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Researchers Evaluate Weather Forecasting Models in Mountainous Flooding

The dark blue areas over Colorado indicate regions that received more than 1,000 percent of their normal rainfall for Sept. 10-16, 2013. Credit: National Weather Service AHiPS The dark blue areas over Colorado indicate regions that received more than 1,000 percent of their normal rainfall for Sept. 10-16, 2013. Credit: National Weather Service AHiPS

Two Iowa researchers recently tested the world's most advanced weather forecasting models to predict the September 9-16, 2013 extreme rainfall event that caused severe flooding in Boulder, Colorado.

The results were published in the December 2013 issue of the journal Geophysical Research Letters… and indicated the forecasting models generally performed well… but left room for improvement.

David Lavers and Gabriele Villarini… researchers at the Hydroscience and Engineering… a world-renowned Iowa research facility… evaluated rainfall forecasts from eight global numerical weather prediction models.

During September 2013… Boulder and surrounding areas experienced severe flooding and heavy rain resulting in fatalities… the loss of homes and businesses and the declaration of a major disaster.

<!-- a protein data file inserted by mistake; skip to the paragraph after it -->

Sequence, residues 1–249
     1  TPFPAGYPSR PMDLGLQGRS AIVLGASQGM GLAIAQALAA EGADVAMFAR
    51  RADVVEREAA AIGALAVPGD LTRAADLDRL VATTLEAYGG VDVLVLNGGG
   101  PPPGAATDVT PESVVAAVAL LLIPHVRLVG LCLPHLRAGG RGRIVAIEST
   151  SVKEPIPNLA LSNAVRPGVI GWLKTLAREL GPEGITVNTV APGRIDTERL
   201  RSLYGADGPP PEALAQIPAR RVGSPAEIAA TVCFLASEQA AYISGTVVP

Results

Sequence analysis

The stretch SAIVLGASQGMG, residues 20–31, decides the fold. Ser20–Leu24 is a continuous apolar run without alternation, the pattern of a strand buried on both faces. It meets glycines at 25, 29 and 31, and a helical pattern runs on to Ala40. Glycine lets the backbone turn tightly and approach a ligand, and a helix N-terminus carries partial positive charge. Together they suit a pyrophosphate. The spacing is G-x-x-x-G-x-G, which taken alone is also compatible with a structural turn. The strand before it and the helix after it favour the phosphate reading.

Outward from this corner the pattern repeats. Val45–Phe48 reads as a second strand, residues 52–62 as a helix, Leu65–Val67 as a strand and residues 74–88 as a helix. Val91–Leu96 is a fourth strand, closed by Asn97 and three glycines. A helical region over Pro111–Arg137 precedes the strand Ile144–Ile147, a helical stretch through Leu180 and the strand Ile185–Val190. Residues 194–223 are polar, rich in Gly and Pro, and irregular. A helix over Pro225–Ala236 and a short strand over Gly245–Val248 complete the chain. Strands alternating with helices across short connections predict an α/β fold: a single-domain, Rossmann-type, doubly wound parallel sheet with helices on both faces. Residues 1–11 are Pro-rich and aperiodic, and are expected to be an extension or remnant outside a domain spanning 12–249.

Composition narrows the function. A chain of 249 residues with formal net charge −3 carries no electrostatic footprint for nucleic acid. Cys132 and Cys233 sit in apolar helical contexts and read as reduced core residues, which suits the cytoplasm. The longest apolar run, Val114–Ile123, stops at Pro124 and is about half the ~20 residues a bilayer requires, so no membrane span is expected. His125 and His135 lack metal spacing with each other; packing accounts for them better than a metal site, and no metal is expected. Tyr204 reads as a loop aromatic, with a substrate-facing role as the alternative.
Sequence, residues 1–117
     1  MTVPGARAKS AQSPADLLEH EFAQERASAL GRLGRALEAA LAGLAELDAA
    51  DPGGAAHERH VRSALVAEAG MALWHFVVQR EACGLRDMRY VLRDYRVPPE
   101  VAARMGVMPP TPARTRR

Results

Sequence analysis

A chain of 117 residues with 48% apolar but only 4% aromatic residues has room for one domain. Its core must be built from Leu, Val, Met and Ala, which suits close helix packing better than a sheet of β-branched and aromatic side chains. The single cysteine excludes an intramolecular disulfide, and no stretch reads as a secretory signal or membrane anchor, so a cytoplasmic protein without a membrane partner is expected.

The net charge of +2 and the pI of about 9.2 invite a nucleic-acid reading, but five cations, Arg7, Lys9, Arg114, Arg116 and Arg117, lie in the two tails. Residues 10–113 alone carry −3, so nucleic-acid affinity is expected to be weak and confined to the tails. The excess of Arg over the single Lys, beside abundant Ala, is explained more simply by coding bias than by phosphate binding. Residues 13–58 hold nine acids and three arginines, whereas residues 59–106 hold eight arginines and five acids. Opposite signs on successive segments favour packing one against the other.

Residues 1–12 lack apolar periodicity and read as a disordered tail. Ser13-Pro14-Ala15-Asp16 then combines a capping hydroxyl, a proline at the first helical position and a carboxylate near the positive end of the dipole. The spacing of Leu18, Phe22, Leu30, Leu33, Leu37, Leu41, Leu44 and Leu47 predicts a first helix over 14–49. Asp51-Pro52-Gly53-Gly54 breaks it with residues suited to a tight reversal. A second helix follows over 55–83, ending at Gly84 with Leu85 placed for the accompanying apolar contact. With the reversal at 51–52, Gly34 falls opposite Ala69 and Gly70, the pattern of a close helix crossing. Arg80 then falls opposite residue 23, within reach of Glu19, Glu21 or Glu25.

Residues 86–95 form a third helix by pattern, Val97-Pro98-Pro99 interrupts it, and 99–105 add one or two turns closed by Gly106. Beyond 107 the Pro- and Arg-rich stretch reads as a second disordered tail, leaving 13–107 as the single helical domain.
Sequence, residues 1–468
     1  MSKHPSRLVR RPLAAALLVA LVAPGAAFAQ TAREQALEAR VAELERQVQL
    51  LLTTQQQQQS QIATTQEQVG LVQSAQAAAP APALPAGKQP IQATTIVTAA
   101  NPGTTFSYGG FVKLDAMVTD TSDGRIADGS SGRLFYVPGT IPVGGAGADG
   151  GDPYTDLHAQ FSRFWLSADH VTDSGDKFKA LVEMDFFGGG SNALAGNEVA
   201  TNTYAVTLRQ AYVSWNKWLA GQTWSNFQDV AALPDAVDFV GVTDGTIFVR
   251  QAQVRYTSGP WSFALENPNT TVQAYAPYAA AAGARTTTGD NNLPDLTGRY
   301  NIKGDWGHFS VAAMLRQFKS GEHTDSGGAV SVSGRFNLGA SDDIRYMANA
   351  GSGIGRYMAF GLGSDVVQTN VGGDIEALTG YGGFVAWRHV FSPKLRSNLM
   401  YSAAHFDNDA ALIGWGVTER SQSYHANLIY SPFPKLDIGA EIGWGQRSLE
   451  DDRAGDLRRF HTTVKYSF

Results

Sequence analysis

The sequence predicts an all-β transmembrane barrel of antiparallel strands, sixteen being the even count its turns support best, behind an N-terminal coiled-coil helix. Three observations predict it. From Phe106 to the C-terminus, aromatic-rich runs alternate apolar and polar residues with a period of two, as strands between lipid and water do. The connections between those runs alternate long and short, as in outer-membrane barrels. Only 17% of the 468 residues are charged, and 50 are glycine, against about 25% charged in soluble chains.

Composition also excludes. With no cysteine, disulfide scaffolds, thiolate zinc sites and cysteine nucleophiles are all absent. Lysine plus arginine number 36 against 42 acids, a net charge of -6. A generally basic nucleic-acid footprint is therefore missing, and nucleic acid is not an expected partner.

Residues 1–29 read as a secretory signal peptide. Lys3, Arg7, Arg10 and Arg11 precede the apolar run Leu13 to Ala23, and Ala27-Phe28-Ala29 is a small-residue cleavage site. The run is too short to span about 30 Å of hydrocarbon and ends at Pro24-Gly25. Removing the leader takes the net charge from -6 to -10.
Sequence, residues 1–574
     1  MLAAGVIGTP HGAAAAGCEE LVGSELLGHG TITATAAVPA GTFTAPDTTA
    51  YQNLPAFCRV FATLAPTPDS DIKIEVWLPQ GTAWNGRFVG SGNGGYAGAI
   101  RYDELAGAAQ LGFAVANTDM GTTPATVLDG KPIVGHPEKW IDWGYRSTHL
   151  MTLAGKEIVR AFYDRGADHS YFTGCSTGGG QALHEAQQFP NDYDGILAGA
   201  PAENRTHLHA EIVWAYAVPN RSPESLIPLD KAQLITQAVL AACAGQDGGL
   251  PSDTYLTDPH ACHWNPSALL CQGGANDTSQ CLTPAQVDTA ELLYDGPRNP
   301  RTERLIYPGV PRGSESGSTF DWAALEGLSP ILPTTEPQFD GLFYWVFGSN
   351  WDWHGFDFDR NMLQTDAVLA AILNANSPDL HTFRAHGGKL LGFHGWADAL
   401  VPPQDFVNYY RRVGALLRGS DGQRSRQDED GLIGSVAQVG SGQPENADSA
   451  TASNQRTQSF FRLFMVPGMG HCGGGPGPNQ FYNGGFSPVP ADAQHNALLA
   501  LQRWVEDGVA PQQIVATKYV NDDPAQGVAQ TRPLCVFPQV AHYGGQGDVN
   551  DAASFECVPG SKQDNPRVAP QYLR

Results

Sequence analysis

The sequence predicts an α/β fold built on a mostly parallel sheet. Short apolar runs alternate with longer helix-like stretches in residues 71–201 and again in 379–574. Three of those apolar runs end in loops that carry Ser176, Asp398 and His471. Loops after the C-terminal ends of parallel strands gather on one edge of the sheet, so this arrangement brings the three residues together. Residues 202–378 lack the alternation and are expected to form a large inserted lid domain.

Lavers and Villarini decided to examine how well some of the leading NWP models had done.

Numerical weather prediction involves integrating current weather conditions through mathematical models of the atmosphere-ocean system to forecast future weather.

For their study… the researchers selected the actual rainfall forecasts made by eight state-of-the-art global numerical prediction models for the period of the Colorado floods.

The models tended to underestimate rainfall amounts and placed the rainfall in the wrong area… even though they provided an indication that a period of heavy rainfall was going to affect parts of Colorado.

Lavers and Villarini used a reasonably coarse (having a relatively low number of pixels) global model output. The UI researchers emphasize that higher spatial resolution NWP models are likely to have captured the rainfall to a greater extent.

Says Lavers: "It is hoped that the continuing development of finer resolution NWP models that resolve the complex atmospheric motions in mountainous terrain, such as the Rocky Mountains, will make it possible to improve the forecasting capabilities of such extreme rainfall events."

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